South by Southwest is the annual conference when 50,000 people descend into Austin, Texas for the latest technology, film and music trends.

The five day technology part of the festival, South by Southwest Interactive, wrapped up on Tuesday evening.

This is the place where Twitter had its start in 2007 and Foursquare took off in 2009, so there is always conversation around “the next breakthrough product.” But with so many people and hopeful startup companies coming to the conference now, it is harder to get noticed. In fact, big brands have really taken over with displays, games, giveaways and parties.

As a result, this year the tone of the discussions was a little different. There was a focus on quality of content online, giving back with a socially-driven mission, and data privacy and security. It was an interesting mix of conversations that overlapped and tied together in many ways.


  • Edward Snowden: Gave his first major appearance since the release of NSA documents and did it through a live video chat bounced through seven proxies for security. Snowden’s revelations have led companies such as Google and Yahoo to bolster their security measures, which helps protect online data from being watched by government eyes. But he said that encryption is still too tricky a subject for average consumers, especially when it involves nerdy products and services such as the Tor encrypted browser. Why did Snowden choose to speak before SXSW Interactive’s audience of techies? “They’re the folks who really fix things, who can enforce our rights through technological standards, even when Congress hasn’t taken steps,” he told Wizner. The NSA and its counterparts in other countries, he said, are “setting fire to the future of the internet. You guys that are in the room are all the firefighters. We need you to help fix this.”
  • Chelsea Clinton: Clinton talked about the tech industry’s potential for social good on a global scale.”Technology has disrupted the very nature of how we can improve the world by empowering individuals to make a difference,” she said. “Giving, volunteering and contributing all have been democratized like never before.”
  • Kevin Bacon: It is the 20th anniversary of the game “6-Degrees of Kevin Bacon.” Bacon came to SXSW to celebrate that anniversary and talk about the non-profit organization that he started to connect money with various organizations around the world. He has taken the idea of connections that made up his namesake game and turned it into social good.
  • Grumpy Cat: She is an internet sensation! Her pouty face is the result of an underbite and her small size comes from feline dwarfish. Hundreds of people stood in line again this year to get their pictures made with Grumpy Cat.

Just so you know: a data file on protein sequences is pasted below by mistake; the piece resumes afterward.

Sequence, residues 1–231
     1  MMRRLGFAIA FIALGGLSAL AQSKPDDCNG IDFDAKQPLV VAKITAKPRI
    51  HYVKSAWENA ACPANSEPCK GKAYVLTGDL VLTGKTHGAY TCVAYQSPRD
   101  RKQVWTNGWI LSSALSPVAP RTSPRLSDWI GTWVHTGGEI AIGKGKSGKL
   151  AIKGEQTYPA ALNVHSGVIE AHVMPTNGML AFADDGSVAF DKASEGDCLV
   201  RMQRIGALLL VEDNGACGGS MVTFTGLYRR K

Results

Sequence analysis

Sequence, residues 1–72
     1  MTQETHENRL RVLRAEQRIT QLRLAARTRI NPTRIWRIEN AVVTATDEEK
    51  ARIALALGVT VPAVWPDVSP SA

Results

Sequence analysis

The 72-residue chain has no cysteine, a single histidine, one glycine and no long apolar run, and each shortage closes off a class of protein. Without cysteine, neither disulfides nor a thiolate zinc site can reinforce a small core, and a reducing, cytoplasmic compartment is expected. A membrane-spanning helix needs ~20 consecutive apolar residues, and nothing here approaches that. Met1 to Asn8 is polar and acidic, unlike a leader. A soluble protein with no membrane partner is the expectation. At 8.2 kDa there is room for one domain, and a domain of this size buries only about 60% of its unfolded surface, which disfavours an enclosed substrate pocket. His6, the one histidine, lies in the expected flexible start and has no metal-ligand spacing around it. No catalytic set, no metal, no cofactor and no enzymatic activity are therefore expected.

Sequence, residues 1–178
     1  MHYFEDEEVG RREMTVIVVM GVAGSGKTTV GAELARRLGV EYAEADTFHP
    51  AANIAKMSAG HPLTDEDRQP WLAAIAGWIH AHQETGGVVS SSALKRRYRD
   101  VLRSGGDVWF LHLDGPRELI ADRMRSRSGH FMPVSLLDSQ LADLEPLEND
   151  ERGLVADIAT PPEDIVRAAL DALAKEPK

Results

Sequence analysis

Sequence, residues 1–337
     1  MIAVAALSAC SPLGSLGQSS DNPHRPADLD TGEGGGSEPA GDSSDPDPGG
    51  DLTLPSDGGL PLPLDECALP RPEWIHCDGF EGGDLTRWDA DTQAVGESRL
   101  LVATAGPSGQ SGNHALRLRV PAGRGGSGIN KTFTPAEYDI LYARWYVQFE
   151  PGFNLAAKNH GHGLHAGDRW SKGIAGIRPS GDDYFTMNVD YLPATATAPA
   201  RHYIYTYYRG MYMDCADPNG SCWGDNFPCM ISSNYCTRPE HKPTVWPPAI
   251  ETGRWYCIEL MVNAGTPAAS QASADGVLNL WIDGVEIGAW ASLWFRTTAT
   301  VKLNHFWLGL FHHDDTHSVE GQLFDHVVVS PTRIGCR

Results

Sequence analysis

• TOMS: The company known for their one-for-one giving model (buy one, give one), has been expanding their model from shoes to glasses over the last couple of years. At SXSW, they revealed that they are now implementing this model with coffee, too. For every package of coffee purchased, they are helping with clean water in the country of the coffee’s origin. In addition, they will be opening cafes around the country that sell their products, serve their coffee and can be a meeting place for the community.


  • Storytelling: It is the core of what we do online, but making it more interesting and purposeful is what was discussed at SXSW this year.
  • Socially Conscious Business: Because technology companies have hard-to-find skills, the push for them to help the community around them in addition to helping themselves was strong this year.
  • Creativity & Science: The alignment of creativity and art with science was talked about by many of the speakers. And mostly, the importance of keeping both in schools. One needs the other.
  • Multi-Media Content: Sharing content and news in multiple ways — text, video, audio, photos — is not new. But this is being taken to new levels with interactive components and varying content on each platform to pull viewers in to stay and get more, and more content with your sites.
  • Personal Security & Online Privacy: Given the news over the last 12 months of security leaks, monitoring of our personal conversations and in general growing concern over the amount of data that we share online, it was no surprise that security would be a hot topic at a tech conference like SXSW. The discussions focused on the dangers of allowing yourself to be monitored (even if you are doing nothing wrong) with a plea to the developers in attendance to think through privacy of the platforms they are creating.
  • Cats!: Just when I thought that the sensation of cat videos was over, I learn that not only have they never gone away but they have gotten more popular. The next level of popular cat memes is actually cat personalities as business. The most popular cats online have managers, spokesperson deals and appearance fees.

In the years past, SXSW has been a good predictor of things to come in the technology world. I think this year will be no different.